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The American Problem
February 17, 2023

Greg Fergus to be the First Black Speaker in the Canadian House of Commons


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Greg Fergus to be the First Black Speaker in the Canadian House of Commons

Photo courtesy of CTV News.

On this morning, October 03, 2023, Greg Fergus of Quebec, Canada, was elected as the first-ever black man to hold a speaker position in the Canadian House of Commons.

A lover of education and public policy, Mr. Fergus, now 54, has been involved in the political sphere for over 25 years, serving most recently as the Member of Parliament for Hull—Aylmer in 2015. His past work led him to the Canadian Parliament, where he dutifully served as Parliamentary Secretary to the Prime Minister and Secretary to the President of the Treasury Board. In addition, he has served as Parliamentary Secretary to the Minister of Innovation, Science and Economic Development. Backed by his impressive educational achievements, such as a Bachelor of Social Sciences from the University of Ottawa and a Bachelor of International Relations from Carleton University, as well as undergraduate studies in International Relations, Fergus is an overall standout figure in Canadian politics.

While his love for politics is confined to such a sphere it belongs, his passion for education and student well-being moves beyond the House speeches. In an electoral debate on September 29, 2023, Fergus tabled one of the most critical petitions on the agenda for Canadians: educational grants and scholarships for graduate and doctorate students. While undergraduate scholarships for university-level students are on a steady upward trend, financial aid for graduate students has maintained a consistent low in many Canadian universities.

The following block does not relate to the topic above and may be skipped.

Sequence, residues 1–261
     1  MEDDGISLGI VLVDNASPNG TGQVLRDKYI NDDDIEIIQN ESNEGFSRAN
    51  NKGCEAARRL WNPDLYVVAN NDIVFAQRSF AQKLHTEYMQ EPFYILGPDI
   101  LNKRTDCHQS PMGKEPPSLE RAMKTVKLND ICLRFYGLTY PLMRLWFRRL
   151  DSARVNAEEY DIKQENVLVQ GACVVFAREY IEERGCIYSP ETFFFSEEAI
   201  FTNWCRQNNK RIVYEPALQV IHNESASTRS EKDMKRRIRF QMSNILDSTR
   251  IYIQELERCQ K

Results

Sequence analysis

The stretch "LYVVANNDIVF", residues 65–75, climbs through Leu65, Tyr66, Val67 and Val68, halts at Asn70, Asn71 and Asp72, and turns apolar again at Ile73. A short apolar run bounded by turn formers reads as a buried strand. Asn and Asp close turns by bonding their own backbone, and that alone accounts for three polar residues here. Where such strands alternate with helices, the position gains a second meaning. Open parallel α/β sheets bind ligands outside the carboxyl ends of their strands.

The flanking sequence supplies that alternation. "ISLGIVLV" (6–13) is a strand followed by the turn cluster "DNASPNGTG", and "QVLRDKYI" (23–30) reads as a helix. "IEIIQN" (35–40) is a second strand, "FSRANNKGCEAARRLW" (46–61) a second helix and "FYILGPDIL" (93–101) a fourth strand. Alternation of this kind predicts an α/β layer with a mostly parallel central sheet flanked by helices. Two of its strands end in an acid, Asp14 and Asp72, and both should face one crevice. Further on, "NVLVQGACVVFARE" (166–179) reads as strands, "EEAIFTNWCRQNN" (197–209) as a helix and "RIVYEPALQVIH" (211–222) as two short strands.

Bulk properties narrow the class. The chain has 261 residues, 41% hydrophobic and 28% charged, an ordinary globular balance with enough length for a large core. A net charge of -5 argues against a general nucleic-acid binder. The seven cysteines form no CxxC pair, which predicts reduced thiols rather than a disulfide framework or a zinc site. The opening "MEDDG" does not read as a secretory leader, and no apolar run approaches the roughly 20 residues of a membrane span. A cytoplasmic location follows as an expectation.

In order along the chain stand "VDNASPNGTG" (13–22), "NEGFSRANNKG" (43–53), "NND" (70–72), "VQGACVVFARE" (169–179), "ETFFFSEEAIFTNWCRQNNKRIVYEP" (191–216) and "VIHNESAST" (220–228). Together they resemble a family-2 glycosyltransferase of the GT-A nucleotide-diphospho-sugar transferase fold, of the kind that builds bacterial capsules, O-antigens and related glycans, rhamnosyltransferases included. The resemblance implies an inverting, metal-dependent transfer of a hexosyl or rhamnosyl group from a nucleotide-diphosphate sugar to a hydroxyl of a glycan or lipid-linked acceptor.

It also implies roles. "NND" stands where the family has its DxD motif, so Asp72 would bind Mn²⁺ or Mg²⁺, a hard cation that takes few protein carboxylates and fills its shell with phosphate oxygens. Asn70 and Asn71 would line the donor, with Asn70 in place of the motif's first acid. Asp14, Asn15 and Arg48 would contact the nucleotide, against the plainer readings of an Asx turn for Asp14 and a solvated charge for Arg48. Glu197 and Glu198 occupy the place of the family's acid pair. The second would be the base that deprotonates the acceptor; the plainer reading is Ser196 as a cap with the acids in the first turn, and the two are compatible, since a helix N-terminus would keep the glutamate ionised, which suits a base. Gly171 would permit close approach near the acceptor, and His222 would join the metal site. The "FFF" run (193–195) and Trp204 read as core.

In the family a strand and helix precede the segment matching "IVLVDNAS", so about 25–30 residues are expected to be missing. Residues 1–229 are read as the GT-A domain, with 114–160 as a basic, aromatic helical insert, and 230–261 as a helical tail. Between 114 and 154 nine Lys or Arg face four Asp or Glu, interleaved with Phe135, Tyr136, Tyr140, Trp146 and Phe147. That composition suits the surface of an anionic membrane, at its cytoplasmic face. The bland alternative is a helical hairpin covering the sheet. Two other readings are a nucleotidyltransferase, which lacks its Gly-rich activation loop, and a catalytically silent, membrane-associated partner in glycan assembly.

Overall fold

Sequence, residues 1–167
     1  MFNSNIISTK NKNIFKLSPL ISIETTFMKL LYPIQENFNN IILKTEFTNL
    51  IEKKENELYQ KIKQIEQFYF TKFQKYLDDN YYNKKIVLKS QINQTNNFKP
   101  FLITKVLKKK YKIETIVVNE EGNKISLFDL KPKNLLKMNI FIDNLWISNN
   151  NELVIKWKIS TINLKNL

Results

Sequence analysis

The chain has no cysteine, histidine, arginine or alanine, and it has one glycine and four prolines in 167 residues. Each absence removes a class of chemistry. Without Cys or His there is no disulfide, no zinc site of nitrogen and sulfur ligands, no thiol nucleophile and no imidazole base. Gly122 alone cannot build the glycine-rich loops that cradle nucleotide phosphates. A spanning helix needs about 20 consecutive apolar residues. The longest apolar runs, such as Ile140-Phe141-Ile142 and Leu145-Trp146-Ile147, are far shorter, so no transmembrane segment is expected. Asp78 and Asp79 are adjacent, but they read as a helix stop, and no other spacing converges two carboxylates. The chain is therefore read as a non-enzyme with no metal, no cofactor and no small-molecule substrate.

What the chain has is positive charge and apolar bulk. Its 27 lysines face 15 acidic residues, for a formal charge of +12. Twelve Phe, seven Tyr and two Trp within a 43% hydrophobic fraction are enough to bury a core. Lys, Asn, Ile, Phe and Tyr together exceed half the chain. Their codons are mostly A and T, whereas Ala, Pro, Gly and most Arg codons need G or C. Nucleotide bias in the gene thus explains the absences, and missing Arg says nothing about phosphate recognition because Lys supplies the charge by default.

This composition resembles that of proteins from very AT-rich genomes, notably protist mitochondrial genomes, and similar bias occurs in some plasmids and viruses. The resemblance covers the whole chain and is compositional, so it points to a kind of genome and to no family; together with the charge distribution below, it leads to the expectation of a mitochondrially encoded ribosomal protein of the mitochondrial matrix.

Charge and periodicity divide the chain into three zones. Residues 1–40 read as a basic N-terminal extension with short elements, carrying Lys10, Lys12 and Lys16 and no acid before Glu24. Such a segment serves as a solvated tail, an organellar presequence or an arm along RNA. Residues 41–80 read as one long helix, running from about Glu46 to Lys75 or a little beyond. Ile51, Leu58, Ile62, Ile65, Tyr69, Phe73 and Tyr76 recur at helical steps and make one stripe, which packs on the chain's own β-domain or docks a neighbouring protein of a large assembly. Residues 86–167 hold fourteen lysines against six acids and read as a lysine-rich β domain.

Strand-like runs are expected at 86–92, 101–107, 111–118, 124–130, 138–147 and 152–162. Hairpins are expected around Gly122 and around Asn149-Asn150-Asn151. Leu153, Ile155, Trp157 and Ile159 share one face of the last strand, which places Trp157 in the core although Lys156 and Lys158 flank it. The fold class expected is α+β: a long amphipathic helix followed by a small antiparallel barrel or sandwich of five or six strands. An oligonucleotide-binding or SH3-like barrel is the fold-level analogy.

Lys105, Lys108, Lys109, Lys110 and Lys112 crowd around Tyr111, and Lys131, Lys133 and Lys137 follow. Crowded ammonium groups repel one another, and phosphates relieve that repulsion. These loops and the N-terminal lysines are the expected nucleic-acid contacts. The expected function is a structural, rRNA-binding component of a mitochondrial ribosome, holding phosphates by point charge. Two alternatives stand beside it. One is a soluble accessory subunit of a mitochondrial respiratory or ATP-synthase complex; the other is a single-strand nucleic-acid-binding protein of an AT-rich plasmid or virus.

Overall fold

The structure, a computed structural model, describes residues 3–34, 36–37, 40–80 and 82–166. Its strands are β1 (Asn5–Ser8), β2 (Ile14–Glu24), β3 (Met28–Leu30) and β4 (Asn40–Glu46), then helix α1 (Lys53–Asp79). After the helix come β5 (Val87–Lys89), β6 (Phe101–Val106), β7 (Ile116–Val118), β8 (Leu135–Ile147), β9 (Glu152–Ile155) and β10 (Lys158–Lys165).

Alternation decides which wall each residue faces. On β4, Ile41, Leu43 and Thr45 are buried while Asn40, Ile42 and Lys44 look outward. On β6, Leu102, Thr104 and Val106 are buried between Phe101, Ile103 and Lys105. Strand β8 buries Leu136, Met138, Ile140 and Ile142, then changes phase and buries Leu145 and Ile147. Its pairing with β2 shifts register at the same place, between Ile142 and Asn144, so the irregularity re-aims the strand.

Support for such financial efforts by the Canadian government is also meager. The Canadian government’s sole financial aid program to graduate and doctoral students is highly inaccessible to the standard graduate, with many eligibility requirements and specified areas of study one must follow to receive a small educational grant. This situation is frightening to the future of Canadian students, given that over 80% of graduate students reported that they experienced massive financial debt after finishing their educational studies. Greg Fergus recognizes this issue, prompting the table of his educational petition. As he stated in his speech on Sunday, “The petitioners are calling upon the Government of Canada to do the following: increase the value of tri-agency graduate scholarships and postdoctoral fellowships by 50%; increase the number of tri-agency graduate student scholarships by 50%; increase the number of tri-agency postdoctoral fellowships by 100%; and increase the tri-agency research grant budget provided to faculty by at least 10% per year for the next 10 years, to allow for increased graduate student and postdoctoral pay.”

Implementing this into Canadian policy would be a massive step for Canada’s graduate and doctoral students and future university students, ensuring that post-graduate studies are accessible to a broader majority of Canadian students. Mr. Fergus’ commitment to increased education and more equitable policy makes him one of the most excellent speakers the House of Commons has yet to see. The Canadian government is in for a bright future with Fergus on board, and we cannot wait to see what he does with his newfound political position.

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Caroline Young
Caroline Young, Editor

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